The field of microcombs has grown rapidly since they appeared in 2007. Meanwhile, others have reported a number of different microresonator systems showing frequency comb generation, including hand-polished crystalline resonators6 for direct frequency combs in the mid-IR7 (which is of high interest for molecular spectroscopy). A further step toward full CMOS-compatible integration of microresonator combs has been achieved using silicon nitride ring resonators that are directly combined with on-chip waveguides.8 These devices can be sealed with a protection layer and have huge potential in the design of novel microphotonic circuits.

In summary, we have shown that optical microresonators are viable tools for generating optical frequency combs. Future steps in microresonator comb research include further integration of microresonator comb generators with on-chip waveguides, dispersion engineering for combs in new wavelength regions, and investigation of noise processes within the resonators.

Pascal Del'Haye
Max Planck Institute of Quantum Optics
Garching, Germany

Pascal Del'Haye studied for his PhD at the Max Planck Institute of Quantum Optics in Garching near Munich with research on chip-based optical combs. He graduated from Ludwig Maximilians University (LMU) Munich (2011). He began a postdoctoral fellowship at the National Institute of Standards and Technology in Boulder, CO, in October 2011.

Ronald Holzwarth
Menlo Systems
Martinsried, Germany

Ronald Holzwarth received his PhD from LMU Munich (2001) on precision measurements using optical frequency combs. He is cofounder and managing director of Menlo Systems, a worldwide distributor of optical frequency comb technology.

Tobias J. Kippenberg
Swiss Federal Institute of Technology (EPFL)
Lausanne, Switzerland

Tobias Kippenberg received his PhD from the California Institute of Technology (2004). In 2005 he established an independent junior research group at the Max Planck Institute of Quantum Optics in Garching. He obtained his habilitation for research on cavity optomechanics and frequency comb generation from LMU (2009). Presently, he is an associate professor at EPFL.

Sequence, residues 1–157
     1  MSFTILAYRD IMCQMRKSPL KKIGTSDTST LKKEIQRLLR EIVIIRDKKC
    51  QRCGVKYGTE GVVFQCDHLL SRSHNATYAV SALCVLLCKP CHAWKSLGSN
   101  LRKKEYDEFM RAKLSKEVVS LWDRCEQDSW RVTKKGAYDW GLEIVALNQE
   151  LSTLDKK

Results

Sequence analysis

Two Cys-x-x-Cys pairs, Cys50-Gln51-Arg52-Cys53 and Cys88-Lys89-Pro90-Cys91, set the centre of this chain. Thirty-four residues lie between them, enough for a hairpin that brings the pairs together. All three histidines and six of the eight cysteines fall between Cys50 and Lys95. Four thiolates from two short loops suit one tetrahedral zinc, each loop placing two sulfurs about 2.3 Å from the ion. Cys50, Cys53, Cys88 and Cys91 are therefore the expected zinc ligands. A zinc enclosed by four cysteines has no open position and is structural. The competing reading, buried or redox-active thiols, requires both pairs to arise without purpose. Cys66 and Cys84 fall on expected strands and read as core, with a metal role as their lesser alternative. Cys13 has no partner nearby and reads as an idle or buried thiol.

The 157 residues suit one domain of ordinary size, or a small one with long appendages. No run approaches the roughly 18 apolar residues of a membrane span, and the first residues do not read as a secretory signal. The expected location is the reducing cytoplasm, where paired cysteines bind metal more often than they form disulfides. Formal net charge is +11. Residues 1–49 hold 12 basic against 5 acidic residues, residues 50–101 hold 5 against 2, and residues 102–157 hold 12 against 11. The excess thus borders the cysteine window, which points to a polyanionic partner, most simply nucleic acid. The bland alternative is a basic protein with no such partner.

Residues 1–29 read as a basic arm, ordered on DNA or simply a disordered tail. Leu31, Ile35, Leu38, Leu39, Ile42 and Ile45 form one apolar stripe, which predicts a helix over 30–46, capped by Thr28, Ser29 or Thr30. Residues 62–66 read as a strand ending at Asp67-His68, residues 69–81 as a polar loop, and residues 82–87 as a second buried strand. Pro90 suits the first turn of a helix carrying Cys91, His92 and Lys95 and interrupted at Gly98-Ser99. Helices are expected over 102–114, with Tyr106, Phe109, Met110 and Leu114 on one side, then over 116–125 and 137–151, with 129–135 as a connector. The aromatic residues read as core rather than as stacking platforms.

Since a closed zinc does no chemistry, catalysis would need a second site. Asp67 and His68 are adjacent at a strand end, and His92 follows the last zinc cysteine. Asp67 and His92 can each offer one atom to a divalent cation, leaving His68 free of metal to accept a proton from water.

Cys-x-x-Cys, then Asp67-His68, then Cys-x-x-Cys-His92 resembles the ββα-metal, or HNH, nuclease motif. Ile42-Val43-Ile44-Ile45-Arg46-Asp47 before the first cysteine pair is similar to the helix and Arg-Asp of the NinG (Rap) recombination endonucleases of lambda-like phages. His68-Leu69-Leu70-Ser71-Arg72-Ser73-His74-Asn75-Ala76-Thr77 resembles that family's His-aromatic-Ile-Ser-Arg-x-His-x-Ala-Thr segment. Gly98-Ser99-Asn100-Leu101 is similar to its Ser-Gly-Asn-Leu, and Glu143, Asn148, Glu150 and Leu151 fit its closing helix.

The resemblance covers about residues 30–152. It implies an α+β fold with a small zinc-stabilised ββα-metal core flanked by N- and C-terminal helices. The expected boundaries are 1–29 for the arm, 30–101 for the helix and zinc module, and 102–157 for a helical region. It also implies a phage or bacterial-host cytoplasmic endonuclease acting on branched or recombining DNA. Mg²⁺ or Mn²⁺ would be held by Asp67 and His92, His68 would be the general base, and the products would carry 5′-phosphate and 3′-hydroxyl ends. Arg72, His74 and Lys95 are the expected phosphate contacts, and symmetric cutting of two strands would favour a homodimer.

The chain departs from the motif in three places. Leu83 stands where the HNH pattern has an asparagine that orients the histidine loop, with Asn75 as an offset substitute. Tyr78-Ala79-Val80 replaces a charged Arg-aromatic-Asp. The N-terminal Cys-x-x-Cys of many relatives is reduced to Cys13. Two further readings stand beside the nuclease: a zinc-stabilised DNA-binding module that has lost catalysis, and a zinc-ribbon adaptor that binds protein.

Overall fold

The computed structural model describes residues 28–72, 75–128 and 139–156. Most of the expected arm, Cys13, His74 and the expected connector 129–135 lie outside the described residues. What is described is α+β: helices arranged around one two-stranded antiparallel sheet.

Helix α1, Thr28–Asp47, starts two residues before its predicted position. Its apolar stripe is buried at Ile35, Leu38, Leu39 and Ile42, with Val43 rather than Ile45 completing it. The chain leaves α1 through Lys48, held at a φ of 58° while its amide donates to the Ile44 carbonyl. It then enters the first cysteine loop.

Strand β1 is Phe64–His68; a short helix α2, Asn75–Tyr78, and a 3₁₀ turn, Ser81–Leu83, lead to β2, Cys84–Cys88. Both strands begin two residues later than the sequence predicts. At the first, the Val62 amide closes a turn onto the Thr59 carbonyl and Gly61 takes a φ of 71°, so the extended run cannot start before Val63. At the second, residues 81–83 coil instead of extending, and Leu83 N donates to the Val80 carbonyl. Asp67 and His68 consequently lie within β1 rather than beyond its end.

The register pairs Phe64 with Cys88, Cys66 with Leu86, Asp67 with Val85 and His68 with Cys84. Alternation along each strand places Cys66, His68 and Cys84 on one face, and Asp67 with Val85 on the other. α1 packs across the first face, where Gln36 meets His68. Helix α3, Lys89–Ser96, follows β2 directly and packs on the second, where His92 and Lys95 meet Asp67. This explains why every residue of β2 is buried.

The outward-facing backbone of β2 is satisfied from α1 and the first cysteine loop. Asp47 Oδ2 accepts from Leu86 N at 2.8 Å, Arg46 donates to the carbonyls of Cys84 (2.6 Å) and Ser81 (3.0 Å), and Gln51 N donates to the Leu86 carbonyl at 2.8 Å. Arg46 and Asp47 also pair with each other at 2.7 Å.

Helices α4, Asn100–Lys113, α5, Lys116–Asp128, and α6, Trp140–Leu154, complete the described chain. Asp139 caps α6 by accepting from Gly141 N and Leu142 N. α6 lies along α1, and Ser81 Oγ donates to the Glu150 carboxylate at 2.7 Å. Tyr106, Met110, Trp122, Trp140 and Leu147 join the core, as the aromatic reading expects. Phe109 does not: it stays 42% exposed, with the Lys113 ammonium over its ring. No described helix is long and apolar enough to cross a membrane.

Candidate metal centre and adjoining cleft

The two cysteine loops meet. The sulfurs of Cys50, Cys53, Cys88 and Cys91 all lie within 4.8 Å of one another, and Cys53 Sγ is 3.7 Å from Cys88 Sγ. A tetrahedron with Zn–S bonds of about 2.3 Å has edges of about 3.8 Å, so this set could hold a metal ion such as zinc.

1. T. W. Hansch, Nobel lecture: passion for precision, Rev. Mod. Phys. 78, no. 4, pp. 1297-1309, 2006.
2. P. Del'Haye, A. Schliesser, O. Arcizet, T. Wilken, R. Holzwarth, T. J. Kippenberg, Optical frequency comb generation from a monolithic microresonator, Nature 450, no. 7173, pp. 1214-1217, 2007.
3. P. Del'Haye, T. Herr, E. Gavartin, M. L. Gorodetsky, R. Holzwarth, T. J. Kippenberg, Octave spanning tunable frequency comb from a microresonator, Phys. Rev. Lett. 107, no. 6, pp. 063901, 2011. doi:10.1103/PhysRevLett.107.063901
4. T. J. Kippenberg, R. Holzwarth, S. A. Diddams, Microresonator-based optical frequency combs, Science 332, no. 6029, pp. 555-559, 2011.
5. P. Del'Haye, O. Arcizet, A. Schliesser, R. Holzwarth, T. J. Kippenberg, Full stabilization of a microresonator-based optical frequency comb, Phys. Rev. Lett. 101, no. 5, pp. 053903, 2008.
6. A. A. Savchenkov, A. B. Matsko, V. S. Ilchenko, I. Solomatine, D. Seidel, L. Maleki, Tunable optical frequency comb with a crystalline whispering gallery mode resonator, Phys. Rev. Lett. 101, no. 9, pp. 093902, 2008.
7. C. Y. Wang, T. Herr, P. Del'Haye, A. Schliesser, J. Hofer, R. Holzwarth, T. W. Hänsch, N. Picqué, T. J. Kippenberg, Mid-infrared optical frequency combs based on crystalline microresonators, eprint arXiv:1109.2716, 2011.
8. J. S. Levy, A. Gondarenko, M. A. Foster, A. C. Turner-Foster, A. L. Gaeta, M. Lipson, CMOS-compatible multiple-wavelength oscillator for on-chip optical interconnects, Nat. Photon. 4, no. 1, pp. 37-40, 2010.